Simplified FGFR signaling pathway

FGFRs are tyrosine kinase receptors activated by binding of FGF ligands. This binding drives receptor homodimerization, leading to the activation of the FGFR tyrosine kinase domain and specific tyrosine residue phosphorylation. The activated receptor is a docking site for a variety of proteins that induce downstream activation of several signal transduction cascades, including the RAS-MAPK, PI3K-AKT, PLCγ, and STAT pathways.

FRS2α is a key adaptor protein constitutively associated with FGFRs. The activated FGFR phosphorylates FRS2, allowing the recruitment of GRB2 and SOS to activate RAS and the downstream RAF and MAPK pathways, particularly ERK1/2. Via GAB1, GRB2 also activates PI3K, which then phosphorylates AKT. Independently of FRS2, the binding of PLCg to the intracellular part of the activated FGFRs leads to the production of IP3 and DAG by the hydrolysis of PIP2. DAG activates the enzyme PKC, which partly reinforces the activation of the MAPK pathway. Depending on the cellular context other pathways are also activated by FGFRs, such as STAT signaling.

The signals transmitted from the FGFRs to the nucleus lead to the regulation of various biological functions such as cell proliferation, differentiation, survival, adhesion, migration, and angiogenesis. Alterations of FGFRs in a wide variety of cancers are associated with the overexpression or hyperactivity of FGFRs, making the receptors key targets for anti-cancer therapies.

FGFRs signaling pathway

Simplified pathway dissection with HTRF phospho-assays and CyBi-felix liquid handling

Analyse of PI3K/AKT/mTor translational control pathway - Application Notes

Lysis buffer compatibility

Cell Signaling: Biomarkers, Phospho- & total-protein Assays - Flyers

HTRF cellular phospho-protein assays

Physiologically relevant results fo fast flowing research - Flyers

Species compatibility

Cell Signaling: Biomarkers, Phospho- & total-protein assays - Flyers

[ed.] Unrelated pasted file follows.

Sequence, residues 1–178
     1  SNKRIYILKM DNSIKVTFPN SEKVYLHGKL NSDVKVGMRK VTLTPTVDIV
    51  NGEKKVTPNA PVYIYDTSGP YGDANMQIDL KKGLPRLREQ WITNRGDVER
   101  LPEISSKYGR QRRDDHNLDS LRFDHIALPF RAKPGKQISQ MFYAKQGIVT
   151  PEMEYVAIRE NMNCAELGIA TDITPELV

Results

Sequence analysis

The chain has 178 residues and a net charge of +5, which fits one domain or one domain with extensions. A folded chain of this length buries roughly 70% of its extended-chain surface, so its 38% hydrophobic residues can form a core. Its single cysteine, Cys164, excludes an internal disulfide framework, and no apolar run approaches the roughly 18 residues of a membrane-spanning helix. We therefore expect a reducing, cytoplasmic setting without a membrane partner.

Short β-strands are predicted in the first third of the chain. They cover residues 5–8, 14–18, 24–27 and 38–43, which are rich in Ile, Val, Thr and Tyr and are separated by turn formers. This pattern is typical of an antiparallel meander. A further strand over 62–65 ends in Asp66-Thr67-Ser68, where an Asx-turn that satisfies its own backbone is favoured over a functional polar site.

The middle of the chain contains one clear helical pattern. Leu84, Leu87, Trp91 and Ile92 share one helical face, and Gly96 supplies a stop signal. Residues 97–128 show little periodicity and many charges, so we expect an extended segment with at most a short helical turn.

Universal HTRF® phospho-protein platform: from 2D, 3D, primary cells to patient derived tumor cells

Analysis of a large panel of diverse biological samples and cellular models - Posters

HTRF phospho assays reveal subtle drug induced effects in tumor-xenografts

Tumor xenograft analysis: HTRF versus Western blot - Application Notes

HTRF cell-based phospho-protein data normalization

Valuable guidelines for efficiently analyzing and interpreting results - Application Notes

HTRF phospho-total lysis buffer: a universal alternative to RIPA lysis buffers

Increased flexibility of phospho-assays - Application Notes

Best practices for analyzing brain samples with HTRF® phospho assays for neurosciences

Insider Tips for successful sample treatment - Technical Notes

HTRF Alpha-tubulin Housekeeping kit

Properly interpret your compound effect - Application Notes

Optimize your HTRF cell signaling assays on tissues

HTRF and WB compatible guidelines - Technical Notes

Key guidelines to successful cell signaling experiments

Mastering the art of cell signaling assays optimization - Guides

HTRF phospho-assays reveal subtle drug-induced effects

Detailed protocol and direct comparison with WB - Posters

Best practices for analyzing tumor xenografts with HTRF phospho assays

Protocol for tumor xenograft analysis with HTRF - Technical Notes

How to run a cell based phospho HTRF assay

What to expect at the bench - Videos

Unleash the potential of your phosphorylation research with HTRF

Unmatched ease of use, sensitivity and specificity assays - Videos

HTRF Product Catalog

All your HTRF assays in one document! - Catalog

A guide to Homogeneous Time Resolved Fluorescence

General principles of HTRF - Guides

How HTRF compares to Western Blot and ELISA

Get the brochure about technology comparison. - Brochures

HTRF® cell signaling platform combined with iCell® Hepatocytes

A solution for phospho-protein analysis in metabolic disorders - Posters

Unleash the potential of your phosphorylation research with HTRF

A fun video introducing you to phosphorylation assays with HTRF - Videos

How to run a cell based phospho HTRF assay

3' video to set up your Phospho assay - Videos

Product Insert FGFR4 P-Y642 kit / 64FGFR4Y6PEG-64FGFR4Y6PEH

64FGFR4Y6PEG-64FGFR4Y6PEH - Product Insert

Guidelines for Cell Culture and Lysis in Different Formats Prior to HTRF Detection

Seeding and lysing recommendations for a number of cell culture vessels. - Technical Notes

Assessment of drug efficacy and toxicity by combining innovative technologies

Combination of AlphaLISA®, HTRF®, or AlphaLISA® SureFire® Ultra™ immunoassays with the ATPlite™ 1step cell viability assay - Application Notes

Methodological Aspects of Homogeneous Time-Resolved Fluorescence (HTRF)

Learn how to reduce time and sample consumption - Application Notes

Plate Reader Requirement

Choosing the right microplate reader ensures you’ll get an optimal readout. Discover our high performance reader, or verify if your lab equipment is going to be compatible with this detection technology.

Let's find your reader

Latest news